Education Policy | Post Primary | Preschool | Primary | Tertiary | Search

 


Court Rules No Māori Total Immersion School for Child

22 March 2017

COURT RULES NO MĀORI TOTAL IMMERSION SCHOOL FOR CHILD

A family court has ruled a seven year old girl be removed from her reo Māori school because her father doesn't speak Māori and feels excluded.

The ruling has been appealed to the High Court by the child's mother who spoke exclusively to Māori Television's Native Affairs.

"I think that if the shoe was on the other foot, if a non-Māori child was taken out of a mainstream school and put into a full immersion kura kaupapa, I think people would be very upset," she told Native Affairs.

"I'm representing my daughter. I'm fighting for her and her rights," she said.

The child attended preschool kōhanga reo and primary kura kaupapa total immersion for a total of six years.

But the father submitted to the family court that his daughter was enrolled without his consent and had concerns about her academic progress. He supported his daughter's culture but wanted to be involved in her education.

"I feel rather uncomfortable in that world and the school has not assisted in this regard I am treated as an outsider," said the father.

In January, the family court ruled in the father's favour for his daughter to be removed from her kura kaupapa primary and "enrolled in an alternative non-immersion school for 2017 and thereafter.”

The child is now attending a co-ed religious school.

"I was shocked. All I wanted was my daughter to go to a te reo speaking school so she could speak her language. I was devastated," said the mother.

Native Affairs reveals the unique case tonight in its new season launch on Māori Television at 8pm.

The programme also meets Lara Wharepapa Bridger who speaks for the first time about taking on Sir Peter Leitch, The Mad Butcher, and the racial debate that erupted.

Native Affairs premieres tonight at 8pm on Māori Television and is also available On Demand at www.maoritelevision.com


© Scoop Media

 
 
 
 
 
Culture Headlines | Health Headlines | Education Headlines

 
Scoop Review Of Books: Q&A: Prue Hyman On ‘Hopes Dashed?’

For Scoop Review of Books, Alison McCulloch interviewed Prue Hyman about her new book, part of the BWB Texts series, Hopes Dashed? The Economics of Gender Inequality More>>

Gordon Campbell: On Chuck Berry (And James Comey, And Bill English)

Back when many people were still treating rock’n’roll as a passing fad – was calypso going to be the new thing? – Chuck Berry knew that it had changed popular music forever. What is even more astonishing is that this 30-ish black r&b musician from a middle class family in St Louis could manage to recreate the world of white teenagers, at a time when the very notion of a “teenager” had just been invented. More>>

Howard Davis Review:
The Baroque Fusion Of L'arpeggiata

Named after a toccata by German composer Girolamo Kapsberger, L'Arpeggiata produces its unmistakable sonority mainly from the resonance of plucked strings, creating a tightly-woven acoustic texture that is both idiosyncratic and immediately identifiable. Director Christina Pluhar engenders this distinctive tonality associated with the ensemble she founded in 2000 by inviting musicians and vocalists from around the world to collaborate on specific projects illuminated by her musicological research. More>>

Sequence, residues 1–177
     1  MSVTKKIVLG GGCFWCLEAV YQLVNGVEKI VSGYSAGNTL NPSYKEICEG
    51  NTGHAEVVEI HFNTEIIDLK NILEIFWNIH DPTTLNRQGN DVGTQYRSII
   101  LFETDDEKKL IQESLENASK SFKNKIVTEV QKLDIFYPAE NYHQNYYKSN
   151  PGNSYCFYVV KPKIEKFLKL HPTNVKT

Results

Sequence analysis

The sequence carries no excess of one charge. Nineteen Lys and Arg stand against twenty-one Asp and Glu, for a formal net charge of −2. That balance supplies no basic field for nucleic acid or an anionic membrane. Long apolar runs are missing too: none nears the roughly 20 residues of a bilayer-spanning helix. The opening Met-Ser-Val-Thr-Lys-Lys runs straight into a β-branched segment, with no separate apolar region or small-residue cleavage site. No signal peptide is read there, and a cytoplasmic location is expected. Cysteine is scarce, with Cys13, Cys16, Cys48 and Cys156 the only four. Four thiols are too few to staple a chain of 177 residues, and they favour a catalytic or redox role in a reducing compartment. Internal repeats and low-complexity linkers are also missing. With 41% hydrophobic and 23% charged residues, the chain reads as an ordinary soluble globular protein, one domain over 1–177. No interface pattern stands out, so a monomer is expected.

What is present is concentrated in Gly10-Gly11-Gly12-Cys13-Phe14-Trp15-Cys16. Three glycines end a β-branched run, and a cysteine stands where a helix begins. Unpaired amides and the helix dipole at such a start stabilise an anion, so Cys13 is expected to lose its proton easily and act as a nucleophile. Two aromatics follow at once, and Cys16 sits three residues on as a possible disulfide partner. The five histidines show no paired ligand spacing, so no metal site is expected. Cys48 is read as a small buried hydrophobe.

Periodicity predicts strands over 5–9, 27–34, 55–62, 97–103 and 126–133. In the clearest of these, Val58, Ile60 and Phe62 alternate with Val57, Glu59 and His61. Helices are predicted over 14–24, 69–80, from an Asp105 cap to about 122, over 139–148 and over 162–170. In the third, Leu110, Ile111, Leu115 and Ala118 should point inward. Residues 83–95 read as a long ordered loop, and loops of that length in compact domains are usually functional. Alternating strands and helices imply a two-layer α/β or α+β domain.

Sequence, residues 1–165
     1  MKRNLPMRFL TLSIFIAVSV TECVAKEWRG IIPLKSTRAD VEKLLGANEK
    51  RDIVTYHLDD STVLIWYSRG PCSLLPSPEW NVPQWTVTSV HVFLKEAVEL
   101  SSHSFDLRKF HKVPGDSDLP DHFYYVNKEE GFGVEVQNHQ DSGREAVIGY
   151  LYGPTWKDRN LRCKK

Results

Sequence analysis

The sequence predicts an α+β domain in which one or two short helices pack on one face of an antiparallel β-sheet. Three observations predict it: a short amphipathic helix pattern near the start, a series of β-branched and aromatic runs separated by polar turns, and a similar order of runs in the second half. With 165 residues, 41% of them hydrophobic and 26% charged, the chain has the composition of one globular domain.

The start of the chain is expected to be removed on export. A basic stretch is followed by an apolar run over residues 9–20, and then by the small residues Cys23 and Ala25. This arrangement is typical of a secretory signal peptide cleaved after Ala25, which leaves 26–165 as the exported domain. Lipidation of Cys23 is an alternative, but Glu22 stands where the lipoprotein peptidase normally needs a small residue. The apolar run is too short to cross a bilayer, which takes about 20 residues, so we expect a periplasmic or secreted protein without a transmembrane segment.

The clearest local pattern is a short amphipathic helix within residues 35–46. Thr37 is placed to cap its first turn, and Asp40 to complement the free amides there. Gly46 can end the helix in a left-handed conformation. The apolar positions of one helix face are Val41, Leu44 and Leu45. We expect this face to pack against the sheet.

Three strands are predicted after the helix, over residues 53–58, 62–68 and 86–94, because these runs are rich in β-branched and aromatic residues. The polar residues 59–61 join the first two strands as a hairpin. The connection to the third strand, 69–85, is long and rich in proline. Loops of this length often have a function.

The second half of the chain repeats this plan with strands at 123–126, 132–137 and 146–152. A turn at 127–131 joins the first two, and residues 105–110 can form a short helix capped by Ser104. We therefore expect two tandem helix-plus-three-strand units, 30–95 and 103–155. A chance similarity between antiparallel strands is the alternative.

African Masks And Sculpture: Attic Discovery On Display At Expressions Whirinaki

Ranging from masks studded with nails and shards of glass to statues laden with magical metal, the works are from ethnic groups in nine countries ranging from Ivory Coast to the Democratic Republic of the Congo. More>>

Obituary: Andrew Little Remembers Murray Ball

“Murray mined a rich vein of New Zealand popular culture and exported it to the world. Wal and Dog and all the other Kiwi characters he crafted through Footrot Flats were hugely popular here and in Australia, Europe and North America." More>>

ALSO:

Organised Choas: NZ Fringe Festival 2017 Awards

Three more weeks of organised chaos have come to an end with the Wellington NZ Fringe Arts Festival Awards Ceremony as a chance to celebrate all our Fringe artists for their talent, ingenuity, and chutzpah! More>>

ALSO:

Wellington.Scoop: Wellington Writer Wins $US165,000 Literature Prize

Victoria University of Wellington staff member and alumna Ashleigh Young has won a prestigious Windham-Campbell Literature Prize worth USD$165,000 for her book of essays Can You Tolerate This? More>>

ALSO:

Scoop Review Of Books: We’re All Lab Rats

A couple of years ago, there were reports that Silicon Valley executives were sending their children to tech-free schools. It was a story that dripped of irony: geeks in the heart of techno-utopia rejecting their ideology when it came to their own kids. But the story didn’t catch on, and an awkward question lingered. Why were the engineers of the future desperate to part their gadgets from their children? More>>

  • CensusAtSchool - Most kids have no screen-time limits
  • Netsafe - Half of NZ high school students unsupervised online
  • Get More From Scoop

     
     

    LATEST HEADLINES

     
     
     
     
    Education
    Search Scoop  
     
     
    Powered by Vodafone
    NZ independent news